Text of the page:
02 Sep 2021 Celebrating Athletic Excellence: Faulkner County – Marvin Delph
By Dr. Robert Reising
He was not a triplet at birth, but two decades had hardly passed before he and the label became inseparable. Although Marvin Delph performed sensationally in high school, it was only after his skills teamed with those of Ron Brewer and Sidney Moncrief in University of Arkansas intercollegiate play that he not only enjoyed his greatest basketball success, but earned a special niche in the state’s sports history. As long as tales of The Triplets resonate throughout Arkansas, Marvin Delph’s court exploits will garner respect.
Yet his troubled youth hardly foreshadowed the stability that followed. Born in Conway on September 15, 1956, his mother a teacher and his father a city worker, he had what he termed “a great childhood,” but one replete with rebellion. Racial integration was taking its toll on the city’s K–12 education, and Marvin found the period, in his words, “tense and uneasy.” Transitioning from Pine Street Elementary to Conway Junior after six years led to three dismissals from school basketball squads; grades 7, 8, and 9 all ended identically, with him not with his school team but in pick–up games on the First United Methodist Church playground. In retrospect, he terms himself “a rebel without a cause.”
Clearly however, he was “a rebel” with rare basketball potential. C.D. Taylor, Conway Senior High basketball coach, notified Marvin that he would be welcome on his varsity but emphasized that if he were not available at season’s close, his public–school basketball career would be ended and his chances for a university basketball grant and career nonexistent. In effect, Taylor assured Marvin that his first high–school season would be his last and his hopes for aid and play in higher education dashed if he quit yet another time.
Marvin did not squander his final opportunity. Never again did thoughts of quitting surface. Following a season of transition came two campaigns in which the Wampus Cats went unbeaten, 1973 and 1974, earning state AAA championships in both, while Marvin claimed a pair of state tournament MVP trophies.
Also in the spring of 1974, with ink hardly dry on his Razorback head basketball coaching contract, Eddie Sutton raced to make Marvin his first recruit. Successful, the coach had acquired the first of the trio who allowed him years later to proclaim that, “No coach has been as blessed to have three guys [all from a small state like Arkansas, and] all 6–4 on the same team that could play like they could … wonderful talents … all could shoot, run, defend and rebound. Any one of them could have led the nation in scoring.”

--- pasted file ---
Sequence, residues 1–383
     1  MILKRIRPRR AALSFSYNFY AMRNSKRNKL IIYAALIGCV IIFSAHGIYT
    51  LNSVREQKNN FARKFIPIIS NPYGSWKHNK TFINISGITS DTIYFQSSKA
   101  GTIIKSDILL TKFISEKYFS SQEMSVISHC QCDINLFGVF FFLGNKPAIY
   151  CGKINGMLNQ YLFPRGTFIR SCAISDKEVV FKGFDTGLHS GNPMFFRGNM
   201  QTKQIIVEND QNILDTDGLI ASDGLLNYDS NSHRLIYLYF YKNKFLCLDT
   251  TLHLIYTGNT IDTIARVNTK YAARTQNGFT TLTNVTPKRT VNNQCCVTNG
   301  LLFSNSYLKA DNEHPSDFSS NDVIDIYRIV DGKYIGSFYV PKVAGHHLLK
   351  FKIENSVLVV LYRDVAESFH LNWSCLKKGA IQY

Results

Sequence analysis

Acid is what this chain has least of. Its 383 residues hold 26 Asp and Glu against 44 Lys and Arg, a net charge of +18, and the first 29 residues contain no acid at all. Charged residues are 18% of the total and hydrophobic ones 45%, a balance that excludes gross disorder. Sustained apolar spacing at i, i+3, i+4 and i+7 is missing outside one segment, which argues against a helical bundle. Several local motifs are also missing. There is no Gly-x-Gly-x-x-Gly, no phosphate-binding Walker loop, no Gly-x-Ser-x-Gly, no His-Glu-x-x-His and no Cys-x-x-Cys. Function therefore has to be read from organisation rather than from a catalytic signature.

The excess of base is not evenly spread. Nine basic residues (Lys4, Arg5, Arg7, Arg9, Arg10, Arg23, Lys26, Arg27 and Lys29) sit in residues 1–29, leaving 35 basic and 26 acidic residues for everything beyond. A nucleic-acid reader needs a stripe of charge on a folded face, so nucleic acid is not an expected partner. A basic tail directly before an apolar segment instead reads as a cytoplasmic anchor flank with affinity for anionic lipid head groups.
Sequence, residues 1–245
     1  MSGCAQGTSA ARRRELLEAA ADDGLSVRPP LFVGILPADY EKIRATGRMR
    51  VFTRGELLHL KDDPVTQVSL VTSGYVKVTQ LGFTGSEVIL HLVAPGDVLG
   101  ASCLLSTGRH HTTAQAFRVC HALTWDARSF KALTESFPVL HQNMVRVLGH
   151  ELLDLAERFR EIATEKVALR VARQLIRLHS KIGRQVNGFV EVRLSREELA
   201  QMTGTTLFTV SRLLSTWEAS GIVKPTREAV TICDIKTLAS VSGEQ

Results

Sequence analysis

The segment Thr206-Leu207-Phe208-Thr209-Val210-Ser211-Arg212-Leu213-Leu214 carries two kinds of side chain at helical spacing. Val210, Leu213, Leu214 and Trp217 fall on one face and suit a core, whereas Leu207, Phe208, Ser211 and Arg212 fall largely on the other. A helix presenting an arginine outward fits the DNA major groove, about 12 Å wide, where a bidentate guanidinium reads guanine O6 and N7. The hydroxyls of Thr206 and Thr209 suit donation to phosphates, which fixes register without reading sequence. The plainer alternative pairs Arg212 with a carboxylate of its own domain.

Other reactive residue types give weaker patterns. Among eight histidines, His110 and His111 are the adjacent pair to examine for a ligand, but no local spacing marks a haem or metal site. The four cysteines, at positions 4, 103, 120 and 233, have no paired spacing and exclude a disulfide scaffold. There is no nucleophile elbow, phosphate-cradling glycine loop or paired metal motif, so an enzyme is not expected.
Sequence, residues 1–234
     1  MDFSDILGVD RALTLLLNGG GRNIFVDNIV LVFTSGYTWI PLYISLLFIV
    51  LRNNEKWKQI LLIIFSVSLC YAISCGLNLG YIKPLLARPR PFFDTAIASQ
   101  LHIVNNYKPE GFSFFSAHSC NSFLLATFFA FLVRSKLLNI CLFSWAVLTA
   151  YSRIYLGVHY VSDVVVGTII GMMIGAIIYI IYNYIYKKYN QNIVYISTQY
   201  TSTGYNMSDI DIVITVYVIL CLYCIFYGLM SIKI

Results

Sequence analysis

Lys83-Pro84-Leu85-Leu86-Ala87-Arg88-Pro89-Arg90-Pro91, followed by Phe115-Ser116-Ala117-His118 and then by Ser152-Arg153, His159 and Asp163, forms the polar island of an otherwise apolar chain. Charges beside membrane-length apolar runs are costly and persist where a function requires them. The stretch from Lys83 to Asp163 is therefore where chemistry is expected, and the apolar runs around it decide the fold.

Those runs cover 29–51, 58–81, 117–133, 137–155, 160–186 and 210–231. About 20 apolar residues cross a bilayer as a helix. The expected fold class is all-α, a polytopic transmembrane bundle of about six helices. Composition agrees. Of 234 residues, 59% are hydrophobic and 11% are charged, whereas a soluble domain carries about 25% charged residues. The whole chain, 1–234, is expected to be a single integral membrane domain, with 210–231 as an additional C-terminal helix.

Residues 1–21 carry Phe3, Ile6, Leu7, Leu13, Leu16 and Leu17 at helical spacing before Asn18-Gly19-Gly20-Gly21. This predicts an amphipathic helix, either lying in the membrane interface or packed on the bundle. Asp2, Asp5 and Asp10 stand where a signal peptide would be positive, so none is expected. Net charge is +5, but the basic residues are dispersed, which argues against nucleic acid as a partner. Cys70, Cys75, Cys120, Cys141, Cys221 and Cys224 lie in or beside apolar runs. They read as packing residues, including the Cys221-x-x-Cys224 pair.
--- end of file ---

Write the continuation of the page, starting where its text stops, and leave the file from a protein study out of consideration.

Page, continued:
But none did. In June of 2021, the Conway native revealed what had long been suspected, confessing that like Brewer and Moncrief, who joined him in 1976, he subscribed to iconic coach John Wooten’s belief that “it’s amazing how much could be accomplished when no one cares who gets the credit.” The Triplets were intercollegiate basketball’s epitome—the embodiment—of selflessness and probably the sport’s most successful and celebrated threesome ever.
Also schooled in Sutton’s three D’s—discipline, dedication, defense—they burst upon the nation’s basketball scene in 1976 with eye–catching finesse and immediately soared into the affections of fans everywhere. Sportscaster Al McGuire soon sensed their unity and uniqueness and christened them The Triplets, a perfect moniker for a trio virtually identical in size, style, and skills who appeared to have been joined at the hip at birth, so handsomely coordinated and effective was their play.
Success accompanied their surging popularity, a superb 19 and 9 record their first year together, a sparkling 26 and 2 mark in 1977. Almost inexplicably, however, the Razorbacks fell to underdog Wake Forest University in the 1977 Midwest Regional, and their quest for national honors was abruptly ended.
The following season would contain no such setback. Compiling a 32 and 4 mark, the Hogs claimed a victory over favored UCLA en route to a place in the prestigious Final Four. Not even a loss in the semifinals could blemish the unprecedented credibility and luster The Triplets had brought to Razorback basketball. A premier national program had emerged.
In the years that have followed, modesty and an ingratiating smile have characterized Marvin when discussing his innumerable basketball achievements and honors. Paramount in his explanations are his gratitude and commitment to the Almighty, whose “amazing grace,” he proclaims, has renewed him “when I have not always lived up to His standard of righteousness … when I blew it.”
For over two decades, he has been a popular, successful salesman for Family Heritage, a subsidiary of Globe Life Insurance Co. Faulkner County and the 501 are fortunate that such an esteemed native son remains productive on native soil.
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